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Why are many people unwilling to provide tips to police that could solve a murder?

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London / Re: Jacqueline Dunleavy, 16, - London, ON - Murdered - 1968
« Last post by chickapey on October 26, 2014, 10:04:37 AM »
I wish her brother and sister would get involved on here. Although it's as painful now as it was then, their insight could really help. They were both younger than her but they may still remember something or have something to add. I do get the feeling that being an officer, their father likely had a very short list of suspects and an even shorter list of gut instincts.
London / Re: Jacqueline English - London, ON - Murdered - 1969
« Last post by chickapey on October 26, 2014, 09:59:25 AM »
I was thinking the same thing... photoshop the damage out and maybe clean some lines up a little. What puzzles me is what appears to be stairs in the background... they look too small in proportion to the rest of the building to be stairs but being a topper doesn't quite work either. Does anyone else have  the talent to clear this picture up a bit?
Yes, tragic and unwarranted violence was done by this MZB.  But let’s take a lucid look at what drove him, someone burned by drug addictions.   See article below.  These two recent events don’t raise any fear for me and my community.  Honestly, do you feel afraid?  What I’m really scared of is Harper distorting this event by labelling it as ‘terrorist’ when no evidence of connection to terrorist networks seem to exist, and using it to call for more police powers.   We don’t need a police state.  For one thing, we could use more rehab centres.


Exclusive: Ottawa shooter Michael Zehaf-Bibeau was ‘at odds with the world,’ mother says
By Douglas Quan, Postmedia News October 25, 2014

Susan Bibeau wonders whether enough was done to help her son, who she believed suffered from mental illness
Michael Zehaf-Bibeau’s terror-filled rampage in the nation’s capital this week wasn’t driven by some grand ideology or political motive, but rather was the “last desperate act” of someone who was not well in his mind and felt trapped, his mother says.

In a lengthy written statement to Postmedia News on Saturday, Susan Bibeau said her son was anxious to travel to Saudi Arabia — not Syria as police have stated — but when his passport application kept being held up, he likely felt cornered, “unable to stay in the life he was in, unable to move on to the next one he wanted to go to.

“He was mad and felt trapped so the only way out was death.”

RCMP Deputy Commissioner Mike Cabana confirmed that earlier statements by police that Zehaf-Bibeau had intended to travel to Syria were incorrect.

“Our guys realized that they made a mistake” after reviewing the taped interview with the mother, Cabana said. He said the force did not see a need to correct the record because extremist travellers destined for Syria often go first to places like Saudi Arabia or Turkey.

Bibeau wrote that she asked police to correct the misinformation, but Cabana said they have no record of the request. Had they known, they would have done so, Cabana said.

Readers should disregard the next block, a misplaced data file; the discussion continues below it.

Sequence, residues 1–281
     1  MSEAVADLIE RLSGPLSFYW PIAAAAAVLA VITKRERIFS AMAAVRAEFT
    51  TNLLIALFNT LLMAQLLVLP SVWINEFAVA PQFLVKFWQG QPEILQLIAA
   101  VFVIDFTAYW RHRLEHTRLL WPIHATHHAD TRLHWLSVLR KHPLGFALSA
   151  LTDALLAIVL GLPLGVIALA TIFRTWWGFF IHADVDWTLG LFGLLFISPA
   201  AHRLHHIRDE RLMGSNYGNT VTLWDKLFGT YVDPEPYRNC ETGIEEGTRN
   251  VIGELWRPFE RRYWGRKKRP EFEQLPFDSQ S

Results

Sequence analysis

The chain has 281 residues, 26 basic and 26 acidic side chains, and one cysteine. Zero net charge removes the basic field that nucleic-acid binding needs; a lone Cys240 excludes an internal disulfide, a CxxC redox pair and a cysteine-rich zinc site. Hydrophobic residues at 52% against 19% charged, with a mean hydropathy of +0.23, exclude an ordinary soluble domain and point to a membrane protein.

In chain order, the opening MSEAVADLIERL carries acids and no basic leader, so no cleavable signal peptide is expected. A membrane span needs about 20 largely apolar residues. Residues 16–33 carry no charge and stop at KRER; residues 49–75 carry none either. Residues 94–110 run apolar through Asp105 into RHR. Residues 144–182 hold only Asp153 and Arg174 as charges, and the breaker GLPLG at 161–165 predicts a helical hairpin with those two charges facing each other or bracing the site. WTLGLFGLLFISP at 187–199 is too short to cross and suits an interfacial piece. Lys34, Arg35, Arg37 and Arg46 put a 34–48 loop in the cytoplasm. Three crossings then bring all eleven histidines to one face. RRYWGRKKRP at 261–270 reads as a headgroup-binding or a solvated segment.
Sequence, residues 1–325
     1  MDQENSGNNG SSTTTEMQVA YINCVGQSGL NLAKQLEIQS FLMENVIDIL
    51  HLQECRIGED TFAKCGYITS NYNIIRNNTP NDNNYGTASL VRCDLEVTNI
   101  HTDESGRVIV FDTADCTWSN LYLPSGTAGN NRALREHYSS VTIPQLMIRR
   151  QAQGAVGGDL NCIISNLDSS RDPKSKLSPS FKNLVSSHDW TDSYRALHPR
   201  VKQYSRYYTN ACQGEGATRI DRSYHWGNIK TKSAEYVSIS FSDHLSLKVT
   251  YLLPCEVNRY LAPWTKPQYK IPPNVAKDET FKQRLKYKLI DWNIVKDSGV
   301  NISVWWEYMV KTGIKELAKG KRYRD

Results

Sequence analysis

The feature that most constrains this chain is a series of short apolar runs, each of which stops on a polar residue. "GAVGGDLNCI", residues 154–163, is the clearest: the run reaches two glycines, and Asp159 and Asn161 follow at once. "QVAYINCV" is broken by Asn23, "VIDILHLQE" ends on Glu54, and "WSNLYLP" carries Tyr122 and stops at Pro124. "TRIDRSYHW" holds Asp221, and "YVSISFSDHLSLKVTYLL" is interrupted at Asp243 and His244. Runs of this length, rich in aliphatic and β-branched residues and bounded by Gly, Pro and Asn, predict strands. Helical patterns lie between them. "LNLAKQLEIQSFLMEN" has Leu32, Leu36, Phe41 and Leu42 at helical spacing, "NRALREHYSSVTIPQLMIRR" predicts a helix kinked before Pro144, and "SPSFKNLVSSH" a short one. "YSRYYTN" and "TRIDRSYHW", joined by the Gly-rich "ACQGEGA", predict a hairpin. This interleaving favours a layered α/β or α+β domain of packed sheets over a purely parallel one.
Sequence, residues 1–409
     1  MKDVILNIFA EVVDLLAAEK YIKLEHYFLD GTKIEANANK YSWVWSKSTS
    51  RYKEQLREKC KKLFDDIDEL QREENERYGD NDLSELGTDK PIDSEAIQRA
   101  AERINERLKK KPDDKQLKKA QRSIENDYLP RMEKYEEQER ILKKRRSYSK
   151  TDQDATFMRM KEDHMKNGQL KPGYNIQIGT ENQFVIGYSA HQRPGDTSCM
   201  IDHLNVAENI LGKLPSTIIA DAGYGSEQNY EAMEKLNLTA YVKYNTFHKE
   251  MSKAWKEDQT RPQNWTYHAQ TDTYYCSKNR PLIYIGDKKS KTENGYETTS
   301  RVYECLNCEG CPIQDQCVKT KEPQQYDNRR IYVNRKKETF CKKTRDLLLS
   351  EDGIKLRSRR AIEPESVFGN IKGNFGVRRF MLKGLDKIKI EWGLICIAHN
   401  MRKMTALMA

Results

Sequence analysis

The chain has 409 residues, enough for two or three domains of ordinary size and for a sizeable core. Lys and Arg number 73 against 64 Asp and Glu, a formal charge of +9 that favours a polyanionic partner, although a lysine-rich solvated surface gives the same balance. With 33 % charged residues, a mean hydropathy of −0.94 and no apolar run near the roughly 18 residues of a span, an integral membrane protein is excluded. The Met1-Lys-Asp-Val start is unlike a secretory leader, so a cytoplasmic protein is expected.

On Wednesday morning, Zehaf-Bibeau fatally wounded a soldier at the National War Memorial and then stormed the Centre Block on Parliament Hill before being killed in a gunfight. The attack made headlines around the world.

Four days later, Susan Bibeau said the family of Cpl. Nathan Cirillo is foremost in her mind. She said she doesn’t know how to express the sadness she feels. Is there something she can do for the family? “I don’t know what is appropriate in these circumstances.”

She said the reason she was putting out a lengthier statement was not to justify her son’s actions — which she described as “wrong and despicable” — but to provide context.

At the heart of this tragedy, she wrote, is mental illness. Bibeau said her son, who police have said was raised in Montreal, had a serious addiction to drugs, which surely affected his mental state. His conversations were strange — he often spoke of the devil, for instance — leading the family to wonder, “Was he crazy?”

The family tried to help, but he resisted it.

He was an unhappy person who was “at odds with the world,” and so he turned to religion and Islam as a way to make sense of it, Bibeau wrote.

Because religion is not something she can easily relate to, conversations were often one-sided, with him doing the talking and her doing the listening.

But the relationship between Zehaf-Bibeau and his parents deteriorated. Five years ago, he moved to Vancouver.

Susan Bibeau said she has seen reports that her son was kicked out of a Burnaby, B.C., mosque because of his drug use and abnormal behaviour. She wonders about the actions they took.
“If they did turn him away, I am sad that it is so, for that is what religion should be about, helping people in trouble, providing emotional support, not turning people away because it is ugly and complicated,” she wrote.

Recently, after a five-year estrangement, Zehaf-Bibeau wrote to his mother out of the blue. He told her he was well and that he was reaching out because his religion dictated that he be good to his parents. It was his duty.

Over lunch, he talked about how religion was good and how she was wrong to pursue material things, Bibeau recalled. He shared that he planned to go to Saudi Arabia to study Islam and the Qu’ran.

“He thought he would be happier in an Islamic country where they would share his beliefs,” she wrote.

But there was a hitch: the passport he had applied for more than a month ago had still not been approved. He said it might’ve been related to a person he had used as a reference.

That’s why he went to Ottawa, to try to convince officials to give him one. Bibeau, a senior official with the Immigration and Refugee Board, believes that her son’s inability to get a passport made him snap and strike back against “symbols of government.”

“My son used to spend hours playing those war video games,” she wrote. “In looking at the event it reminded me of that except (that) now it was real life, people were real and got hurt.”

Wednesday’s attack has prompted vows from the Conservative government to enact tougher anti-terrorism legislation.